Grady Wilburn: The rest of the story
Courtesy of the Madera County Historical Society
Albert Wilburn (number 40) is seen here on the far right celebrating with the rest of the MHS basketball team after winning the Valley championship in 1963.
Last week, we visited the Grady Wilburn family as they moved from Texas to Madera. Young Albert Wilburn was only six years old and in the first grade. As things turned out, given the move and lost time in school, he had to repeat the first grade, but that was the last time he would ever have trouble in school. By the time he was in Ms. Huarte’s sixth grade class at James Monroe School, he was at the top of the class.
Just like almost every other sixth grader in Madera, Albert went to Thomas Jefferson Junior High and then to Madera High School. It was here that it became obvious to everyone that Albert Wilburn was destined to make Madera proud — very proud.
The pride that Madera had in Albert was expressed in the January 23 issue of The Madera Tribune. The article was entitled, “Al Wilburn Wins Election,” and went as follows:
“Albert Wilburn was elected president of the Madera Union High School student body for the spring semester in elections held Friday.
“He is the first of his race to win the top student office.
“Wilburn a senior, takes into office much experience in leadership gained not only in the field of athletics, but in academics as well.
“A straight “A” student in college preparatory work, Wilburn has been a member of the California Scholarship Federation throughout his school career, and served as its president for the past semester for the local chapter.
“He has also been president of the Future Engineers of America chapter at MUHS, Junior Class and Sophomore Class president, and served as Boys State representative in Sacramento in his junior year.
“He is also sports editor for boys for the 1963 Blue and White annual. Wilburn was chosen recently as Boy of the Month by the Madera Exchange Club.
“Currently one of the stars on the Madera Coyote basketball varsity team, Wilburn has also seen continuous action on the football field and baseball diamond. He was elected “Most Valuable Player” in football last season.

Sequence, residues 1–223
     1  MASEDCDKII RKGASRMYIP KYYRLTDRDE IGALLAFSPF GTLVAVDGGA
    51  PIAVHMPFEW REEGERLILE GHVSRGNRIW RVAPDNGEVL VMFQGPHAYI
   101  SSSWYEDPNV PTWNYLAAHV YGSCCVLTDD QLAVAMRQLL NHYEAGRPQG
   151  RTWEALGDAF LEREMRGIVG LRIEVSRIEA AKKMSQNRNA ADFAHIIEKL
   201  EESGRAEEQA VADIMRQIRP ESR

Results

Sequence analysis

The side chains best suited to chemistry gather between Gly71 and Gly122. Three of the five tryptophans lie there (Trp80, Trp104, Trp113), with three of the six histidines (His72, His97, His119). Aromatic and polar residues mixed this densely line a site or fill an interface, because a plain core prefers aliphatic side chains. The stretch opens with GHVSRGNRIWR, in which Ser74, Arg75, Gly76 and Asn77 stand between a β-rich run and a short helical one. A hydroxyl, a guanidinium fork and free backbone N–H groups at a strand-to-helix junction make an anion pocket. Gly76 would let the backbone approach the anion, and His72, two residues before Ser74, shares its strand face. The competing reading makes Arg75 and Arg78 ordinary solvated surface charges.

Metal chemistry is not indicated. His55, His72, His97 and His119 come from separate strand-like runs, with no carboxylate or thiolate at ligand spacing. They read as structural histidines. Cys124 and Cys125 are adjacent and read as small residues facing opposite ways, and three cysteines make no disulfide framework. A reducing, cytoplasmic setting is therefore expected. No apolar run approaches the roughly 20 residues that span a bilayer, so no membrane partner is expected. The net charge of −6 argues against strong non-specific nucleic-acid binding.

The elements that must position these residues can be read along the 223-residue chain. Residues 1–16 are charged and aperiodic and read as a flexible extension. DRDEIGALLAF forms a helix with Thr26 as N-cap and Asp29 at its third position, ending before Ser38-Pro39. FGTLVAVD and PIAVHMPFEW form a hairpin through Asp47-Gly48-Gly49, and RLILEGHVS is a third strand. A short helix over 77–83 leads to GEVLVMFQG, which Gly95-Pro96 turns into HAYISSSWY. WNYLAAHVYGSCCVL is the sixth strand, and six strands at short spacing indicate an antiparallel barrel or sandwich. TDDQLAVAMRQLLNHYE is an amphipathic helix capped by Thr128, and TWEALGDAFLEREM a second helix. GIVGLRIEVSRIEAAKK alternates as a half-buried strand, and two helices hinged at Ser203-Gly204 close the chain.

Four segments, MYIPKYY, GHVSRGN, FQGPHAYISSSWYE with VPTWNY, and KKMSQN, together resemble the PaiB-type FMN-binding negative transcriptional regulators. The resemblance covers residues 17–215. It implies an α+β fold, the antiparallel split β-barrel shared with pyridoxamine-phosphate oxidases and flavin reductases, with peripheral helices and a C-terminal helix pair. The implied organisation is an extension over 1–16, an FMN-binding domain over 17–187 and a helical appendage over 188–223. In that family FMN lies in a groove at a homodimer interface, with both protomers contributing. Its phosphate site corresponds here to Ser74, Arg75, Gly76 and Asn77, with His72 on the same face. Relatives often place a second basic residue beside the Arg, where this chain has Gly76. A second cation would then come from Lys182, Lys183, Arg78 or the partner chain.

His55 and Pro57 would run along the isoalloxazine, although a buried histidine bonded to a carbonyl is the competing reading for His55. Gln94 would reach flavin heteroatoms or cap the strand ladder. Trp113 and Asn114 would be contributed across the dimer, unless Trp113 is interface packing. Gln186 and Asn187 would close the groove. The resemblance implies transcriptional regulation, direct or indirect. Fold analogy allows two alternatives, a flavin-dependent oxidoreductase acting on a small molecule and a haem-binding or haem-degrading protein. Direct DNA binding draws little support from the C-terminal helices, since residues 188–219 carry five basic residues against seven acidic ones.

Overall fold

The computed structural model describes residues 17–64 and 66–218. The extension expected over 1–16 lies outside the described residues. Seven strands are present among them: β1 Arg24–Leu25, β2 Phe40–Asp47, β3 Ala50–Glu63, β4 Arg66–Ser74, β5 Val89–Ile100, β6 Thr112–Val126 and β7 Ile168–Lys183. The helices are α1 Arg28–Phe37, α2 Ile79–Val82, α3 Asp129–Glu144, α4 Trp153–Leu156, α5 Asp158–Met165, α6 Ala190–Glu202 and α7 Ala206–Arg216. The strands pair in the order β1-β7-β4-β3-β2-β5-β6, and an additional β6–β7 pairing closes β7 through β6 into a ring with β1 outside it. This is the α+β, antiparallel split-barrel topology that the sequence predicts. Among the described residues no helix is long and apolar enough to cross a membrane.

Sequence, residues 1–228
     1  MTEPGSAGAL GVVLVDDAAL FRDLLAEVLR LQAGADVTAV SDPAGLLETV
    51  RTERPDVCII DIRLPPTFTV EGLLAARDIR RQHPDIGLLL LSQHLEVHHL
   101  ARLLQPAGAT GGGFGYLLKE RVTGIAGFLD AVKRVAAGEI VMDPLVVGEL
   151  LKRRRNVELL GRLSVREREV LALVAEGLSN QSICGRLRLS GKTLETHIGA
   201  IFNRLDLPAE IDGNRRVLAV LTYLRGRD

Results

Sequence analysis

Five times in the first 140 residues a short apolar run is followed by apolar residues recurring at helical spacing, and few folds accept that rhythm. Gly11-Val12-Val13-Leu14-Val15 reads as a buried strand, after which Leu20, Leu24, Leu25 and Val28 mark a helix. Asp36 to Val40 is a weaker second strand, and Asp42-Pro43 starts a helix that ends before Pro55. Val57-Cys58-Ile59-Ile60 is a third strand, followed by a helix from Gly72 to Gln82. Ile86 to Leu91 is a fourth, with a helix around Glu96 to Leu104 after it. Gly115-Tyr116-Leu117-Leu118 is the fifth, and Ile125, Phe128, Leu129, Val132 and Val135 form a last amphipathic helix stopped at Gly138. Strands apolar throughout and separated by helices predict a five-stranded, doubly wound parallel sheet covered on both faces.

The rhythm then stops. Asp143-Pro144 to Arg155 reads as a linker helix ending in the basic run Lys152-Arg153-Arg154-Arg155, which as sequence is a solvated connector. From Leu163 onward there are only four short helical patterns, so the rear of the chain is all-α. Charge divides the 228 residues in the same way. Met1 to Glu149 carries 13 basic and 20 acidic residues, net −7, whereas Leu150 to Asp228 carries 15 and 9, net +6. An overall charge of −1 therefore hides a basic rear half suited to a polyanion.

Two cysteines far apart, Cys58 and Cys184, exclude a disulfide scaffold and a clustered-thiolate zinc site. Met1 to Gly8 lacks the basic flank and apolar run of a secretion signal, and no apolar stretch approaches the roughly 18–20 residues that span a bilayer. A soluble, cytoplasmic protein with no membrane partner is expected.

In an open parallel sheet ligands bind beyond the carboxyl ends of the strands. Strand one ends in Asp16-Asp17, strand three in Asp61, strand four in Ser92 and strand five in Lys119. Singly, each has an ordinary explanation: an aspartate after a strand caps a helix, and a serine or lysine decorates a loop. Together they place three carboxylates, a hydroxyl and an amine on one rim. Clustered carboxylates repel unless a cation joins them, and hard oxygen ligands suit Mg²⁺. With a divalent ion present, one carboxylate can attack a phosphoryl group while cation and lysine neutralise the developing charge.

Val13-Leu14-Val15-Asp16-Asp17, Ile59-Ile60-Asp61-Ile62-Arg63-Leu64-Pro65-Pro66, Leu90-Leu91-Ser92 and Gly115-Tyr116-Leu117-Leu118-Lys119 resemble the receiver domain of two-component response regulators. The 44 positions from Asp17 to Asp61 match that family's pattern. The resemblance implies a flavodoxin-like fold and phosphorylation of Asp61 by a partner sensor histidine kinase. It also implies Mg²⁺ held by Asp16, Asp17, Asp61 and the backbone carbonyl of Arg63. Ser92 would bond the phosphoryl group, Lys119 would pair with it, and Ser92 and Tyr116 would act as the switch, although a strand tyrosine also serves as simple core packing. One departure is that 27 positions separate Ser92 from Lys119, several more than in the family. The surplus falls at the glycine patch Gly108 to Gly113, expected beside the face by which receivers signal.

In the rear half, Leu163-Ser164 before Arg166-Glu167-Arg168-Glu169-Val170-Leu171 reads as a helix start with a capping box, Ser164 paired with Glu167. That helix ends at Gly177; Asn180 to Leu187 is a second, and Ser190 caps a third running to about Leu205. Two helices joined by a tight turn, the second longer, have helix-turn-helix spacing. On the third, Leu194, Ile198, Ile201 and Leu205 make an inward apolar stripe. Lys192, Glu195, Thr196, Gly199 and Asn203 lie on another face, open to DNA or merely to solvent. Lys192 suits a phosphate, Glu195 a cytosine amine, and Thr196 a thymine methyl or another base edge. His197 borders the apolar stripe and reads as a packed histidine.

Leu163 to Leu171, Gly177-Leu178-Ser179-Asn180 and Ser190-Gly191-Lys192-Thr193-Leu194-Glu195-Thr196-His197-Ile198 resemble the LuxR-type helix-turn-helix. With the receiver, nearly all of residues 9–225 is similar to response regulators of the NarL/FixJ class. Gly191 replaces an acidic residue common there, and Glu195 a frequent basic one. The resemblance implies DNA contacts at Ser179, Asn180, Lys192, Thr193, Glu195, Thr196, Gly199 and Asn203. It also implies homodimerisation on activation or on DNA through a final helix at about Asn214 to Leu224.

“Wilburn plans to study medicine for his career, and has been sought by several universities who have offered full scholarships.
“Off-campus, Wilburn has earned the rank of Eagle Scout for the Boy Scouts of America, and serves as Junior superintendent of the Sunday School at his church.”
After graduation from Madera High, Wilburn went to Stanford University as the recipient of the David Starr Jordan Scholarship, which benefited outstanding athletes who excelled academically. During the summers, Wilburn found work to help with expenses. Some of the time he worked with his father, who had by that time moved from farming to construction. At other times, he worked as an orderly at Dearborn Hospital where his mother was employed.
While at Stanford, he played on the football team and was team captain in his senior year. As the capstone to his collegiate career in athletics, Wilburn was named the Al Masters Student Athlete of the Year for 1966-1967.
He graduated from Stanford in 1967 with a degree in biology and was accepted for medical school at UCLA. Four years later he was serving his internship.
From 1972 to 1974, Dr. Wilburn served as a physician with the National Public Health Service. This was tantamount to serving in the military with the rank of Captain. During this time, he served in a Free Clinic in Columbus, Ohio.
Subsequent to his government service, Wilburn did his residency and received a fellowship at Martin Luther King Hospital in Los Angeles County. In 1979, he opened a private practice in the Los Angeles area.
By the mid ‘80s, Wilburn and his wife, Marilyn, decided to move to Fresno to be near his parents, who lived in Madera and were in need of frequent medical attention. He became a physician at the Kaiser Permanente Medical Center in Fresno and remained there until his retirement in November 2010.
Today Dr. Wilburn spends a lot of time in Madera tending to a small piece of property. Somewhere on Raymond Road there is a little plot that holds some precious memories for him. It is that one acre of land that his father, Grady, purchased in 1951.
Grady Wilburn had farming in his blood, and he always kept a garden. Today, his son comes to Madera at least once a week to make sure his father’s piece of earth is still producing.
The father would be proud. Not only did he plant a garden that still produces, he has a son that is still producing. Dr. Wilburn is doing his part to fight the COVID-19 pandemic by volunteering in Fresno County.
So, all that Grady Wilburn endured to ensure that the doors of opportunity opened up for his family made a difference — an eternal difference.